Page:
John Anthony Gilvey Ph.D - Air date: 07-22-08





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Published on Jul 16, 2008

JOHN ANTHONY GILVEY, a graduate of New York University's Doctoral Program in Educational Theatre, also holds degrees from Villanova and De Sales Universities. He is a professor of theater and speech at St. Joseph's College, New York.
As a boy in Philadelphia, it seemed the biggest new hit musicals, like Bye Bye Birdie and Carnival, had one thing in common—they were directed and choreographed by Gower Champion. When a new duplex movie theatre opened in our neighborhood with a re-release of MGM's 1951 Show Boat some 12 years after its debut, the name Champion caught my attention once more as I watched Gower and Marge dance spectacularly. At 15 when my teachers stuck me in the chorus of our high school's production of Bye Bye Birdie, there was Gower's name on the script. Soon Ginger Rogers arrived at the Forrest Theater in the national tour of Hello, Dolly!, and I finally got to see first hand what the prolific Mr. Champion had done to generate all the "Dolly-mania" then sweeping the country. The show was breathtaking; a kaleidoscopic wonder of color and movement as touching as it was dazzling.
How and why did you start working on this book?

Part of the book is from an earlier work, Gower Champion as Director: An Analysis of His Craft in Four Broadway Musicals, 1961-1968, my dissertation for New York University published in 1995. The study covered Champion's productions of Carnival, Hello, Dolly!, I Do! I Do!, and The Happy Time. Research began in 1990 after I realized very little had been written about him and his musicals. This was surprising...
...to me considering that he was the most artistically and commercially successful director-choreographer of the 1960s. After finishing the dissertation and receiving my PhD, I wanted to tell the story of Gower and his musicals. Before the Parade Passes By is the fulfillment of that wish.

What is particularly significant about Before the Parade Passes By?

Until now, no popular biography or critical assessment of Gower Champion's work has been written. What literature there is has been either academic (Gower Champion: Dance and the American Musical Theatre by David Payne-Carter [Westport, CT: Greenwood Press, 1999]) or anthological (Broadway, The Golden Years: Jerome Robbins and the Great Choreographer-Directors, 1940 to the Present by Robert Emmet Long [New York: Continuum, 2001]). In light of this, the significance of Before the Parade Passes By is especially important.

Through the waning days of vaudeville, the post-war era of glittering nightclubs, Hollywood musicals and early television, and finally, the golden age and decline of the Broadway musical, Before the Parade Passes By is a compelling voyage with one of America's greatest showmen and a remarkable study of the craft that streamlined today's musicals. It not only brings to life the story of Gower Champion, but also defines the essence of his craft and his contributions to the musical. Furthermore, the book serves as a window on a particular time in the history of American culture using one artist's life to show how the musical has become what it is today.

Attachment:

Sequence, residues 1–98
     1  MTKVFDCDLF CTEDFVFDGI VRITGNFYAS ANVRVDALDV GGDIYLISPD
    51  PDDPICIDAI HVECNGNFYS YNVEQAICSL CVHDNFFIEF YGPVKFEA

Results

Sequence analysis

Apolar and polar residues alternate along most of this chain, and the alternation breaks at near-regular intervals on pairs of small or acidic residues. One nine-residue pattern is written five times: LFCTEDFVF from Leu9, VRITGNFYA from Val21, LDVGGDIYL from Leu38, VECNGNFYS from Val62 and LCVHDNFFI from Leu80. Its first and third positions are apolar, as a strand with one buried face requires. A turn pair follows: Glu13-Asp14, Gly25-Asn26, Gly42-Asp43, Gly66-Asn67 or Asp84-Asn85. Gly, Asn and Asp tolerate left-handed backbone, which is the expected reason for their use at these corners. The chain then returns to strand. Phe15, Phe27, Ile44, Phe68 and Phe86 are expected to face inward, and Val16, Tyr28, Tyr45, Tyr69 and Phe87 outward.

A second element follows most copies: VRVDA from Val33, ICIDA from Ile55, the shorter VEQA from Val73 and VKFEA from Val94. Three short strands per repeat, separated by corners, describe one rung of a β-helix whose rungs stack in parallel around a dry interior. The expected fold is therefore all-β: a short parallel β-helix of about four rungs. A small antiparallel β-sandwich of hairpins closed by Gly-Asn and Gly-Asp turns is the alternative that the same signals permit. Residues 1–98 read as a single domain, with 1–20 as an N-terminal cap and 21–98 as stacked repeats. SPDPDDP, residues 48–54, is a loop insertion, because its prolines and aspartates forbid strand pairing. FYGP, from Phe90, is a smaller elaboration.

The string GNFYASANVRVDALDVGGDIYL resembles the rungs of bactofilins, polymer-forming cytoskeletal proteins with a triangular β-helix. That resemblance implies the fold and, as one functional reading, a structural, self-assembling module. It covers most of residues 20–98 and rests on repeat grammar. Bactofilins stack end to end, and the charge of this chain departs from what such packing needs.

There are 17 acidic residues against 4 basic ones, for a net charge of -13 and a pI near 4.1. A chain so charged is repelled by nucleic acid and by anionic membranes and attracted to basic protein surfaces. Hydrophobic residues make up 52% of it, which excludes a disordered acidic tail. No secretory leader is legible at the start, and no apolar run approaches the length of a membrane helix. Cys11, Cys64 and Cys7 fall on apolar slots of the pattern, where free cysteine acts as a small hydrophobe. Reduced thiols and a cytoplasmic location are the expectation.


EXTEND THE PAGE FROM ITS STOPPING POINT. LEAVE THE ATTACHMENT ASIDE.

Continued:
What qualifies you to write about Gower Champion and his musicals?

Four Champion musicals—Carnival (1961), Hello, Dolly! (1964), I Do! I Do! (1966), and The Happy Time (1968)—were subjects of the dissertation I composed for my Doctoral Degree in Educational Theatre from New York University. Gower Champion as Director: An Analysis of His Craft in Four Broadway Musicals, 1961-1968 (New York U., 1995. Ann Arbor, UMI 1996, 9701496) is considered to be the definitive work on these shows by many of the performers, songwriters, and designers I interviewed who worked on them.

My research comprises over 50 personal interviews with Gower Champion's family, friends and colleagues (including Marge Champion, Jerry Orbach, and Carol Channing), in-depth study of his director's scripts from the Special Collections Division of the Research Library at the University of California, Los Angeles, and the private collection of Karla Champion, scrapbooks from the private collections of Jeanne Tyler and Marge Champion, and files, film and video about him and his productions found in the Billy Rose Theatre Collection of the Performing Arts Division of the New York Public Library at Lincoln Center. My personal collection also contains over 100 photographs spanning his career.


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